By Luis Fernando Medina and Neophytos Loizides
Understandably, Colombia’s victory for the “No” vote in the peace referendum early this month has sent ripples across the globe to Cyprus. But while understandable, that trepidation is easy to exaggerate and misplace. There are significant differences between both cases so that, instead of seeing Colombia as a cause of concern, Cypriots should use it as a source of lessons.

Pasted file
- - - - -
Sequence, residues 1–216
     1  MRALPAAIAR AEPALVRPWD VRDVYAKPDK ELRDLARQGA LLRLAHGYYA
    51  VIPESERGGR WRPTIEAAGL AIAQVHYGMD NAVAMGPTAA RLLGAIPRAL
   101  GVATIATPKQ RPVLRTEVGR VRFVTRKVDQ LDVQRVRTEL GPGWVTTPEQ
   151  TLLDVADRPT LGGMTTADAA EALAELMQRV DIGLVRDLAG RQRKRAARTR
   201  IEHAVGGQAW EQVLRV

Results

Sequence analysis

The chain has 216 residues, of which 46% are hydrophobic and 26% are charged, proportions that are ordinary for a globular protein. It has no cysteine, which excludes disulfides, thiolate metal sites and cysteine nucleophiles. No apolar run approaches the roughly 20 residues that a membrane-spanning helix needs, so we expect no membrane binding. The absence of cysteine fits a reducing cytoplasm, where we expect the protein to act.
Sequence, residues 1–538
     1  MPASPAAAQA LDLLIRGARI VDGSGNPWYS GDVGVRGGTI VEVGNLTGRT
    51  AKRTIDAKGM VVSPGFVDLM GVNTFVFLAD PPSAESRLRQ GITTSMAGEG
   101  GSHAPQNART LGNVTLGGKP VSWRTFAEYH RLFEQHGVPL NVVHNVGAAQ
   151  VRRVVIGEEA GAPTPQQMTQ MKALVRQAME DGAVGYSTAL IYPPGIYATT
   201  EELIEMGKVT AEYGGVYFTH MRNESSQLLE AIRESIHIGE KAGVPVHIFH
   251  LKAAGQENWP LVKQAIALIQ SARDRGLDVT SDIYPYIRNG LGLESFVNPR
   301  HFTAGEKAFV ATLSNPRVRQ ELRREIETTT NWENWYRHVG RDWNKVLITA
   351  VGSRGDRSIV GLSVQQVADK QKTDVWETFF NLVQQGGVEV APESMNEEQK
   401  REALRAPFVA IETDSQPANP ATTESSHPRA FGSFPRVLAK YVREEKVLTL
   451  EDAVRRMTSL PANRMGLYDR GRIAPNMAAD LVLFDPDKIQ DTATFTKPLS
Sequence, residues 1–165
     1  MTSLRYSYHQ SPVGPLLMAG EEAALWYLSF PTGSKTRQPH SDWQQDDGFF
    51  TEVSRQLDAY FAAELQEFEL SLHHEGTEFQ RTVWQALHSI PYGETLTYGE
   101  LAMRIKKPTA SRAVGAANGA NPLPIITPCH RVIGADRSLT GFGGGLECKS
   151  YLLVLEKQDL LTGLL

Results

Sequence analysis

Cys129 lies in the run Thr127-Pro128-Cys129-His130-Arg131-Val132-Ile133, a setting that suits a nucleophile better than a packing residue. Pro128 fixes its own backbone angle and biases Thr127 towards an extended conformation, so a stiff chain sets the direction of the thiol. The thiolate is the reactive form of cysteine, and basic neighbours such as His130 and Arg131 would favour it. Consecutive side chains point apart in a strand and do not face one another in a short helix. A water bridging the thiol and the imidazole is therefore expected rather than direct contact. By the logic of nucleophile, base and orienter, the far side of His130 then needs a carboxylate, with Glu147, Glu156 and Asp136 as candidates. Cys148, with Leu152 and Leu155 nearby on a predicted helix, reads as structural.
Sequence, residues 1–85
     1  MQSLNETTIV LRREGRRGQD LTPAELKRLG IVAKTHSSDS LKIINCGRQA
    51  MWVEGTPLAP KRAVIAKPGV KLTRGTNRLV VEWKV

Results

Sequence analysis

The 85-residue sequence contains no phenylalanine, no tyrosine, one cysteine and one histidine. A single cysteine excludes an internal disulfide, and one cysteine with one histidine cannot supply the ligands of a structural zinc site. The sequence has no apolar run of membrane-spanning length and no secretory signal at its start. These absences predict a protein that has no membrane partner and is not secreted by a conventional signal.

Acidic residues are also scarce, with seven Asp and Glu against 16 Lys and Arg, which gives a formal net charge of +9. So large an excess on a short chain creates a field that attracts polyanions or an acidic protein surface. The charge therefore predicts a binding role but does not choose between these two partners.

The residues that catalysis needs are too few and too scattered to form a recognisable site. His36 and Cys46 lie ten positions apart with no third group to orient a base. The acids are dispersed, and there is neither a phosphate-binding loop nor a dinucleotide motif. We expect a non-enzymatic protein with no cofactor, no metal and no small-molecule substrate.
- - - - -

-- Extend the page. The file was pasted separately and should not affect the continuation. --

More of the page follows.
The first difference is that in the case of Colombia, it was far from clear that a referendum would be the appropriate instrument. Hindsight is 20/20, of course, but even setting aside the result, the nature of the peace process did not lend itself to a referendum. Unlike Cyprus, the referendum itself has not been part of any previous agreement but emerged as a result of political expediency. When President Santos began the peace process, he was in his first term, having been elected on a hawkish platform. He wanted a mechanism to assuage his electoral base, guaranteeing them that they would have the chance to reject the outcome later. At the same time, the FARC had for a long time insisted on the need for a Constitutional Assembly to ratify the agreement. The fact that such an Assembly would have been unrealistic and risky does not matter now. The idea had already become engrained in the FARC’s outlook and as such needed to be dealt with in the negotiations. Thus, the referendum emerged as a solution for both parties’ perceived needs albeit in combination with other electoral processes. President Santos’ re-election for a second term in 2014 could have, maybe even should have, served as a ‘mandate referendum’ to prevent the gradual erosion of public support for peace.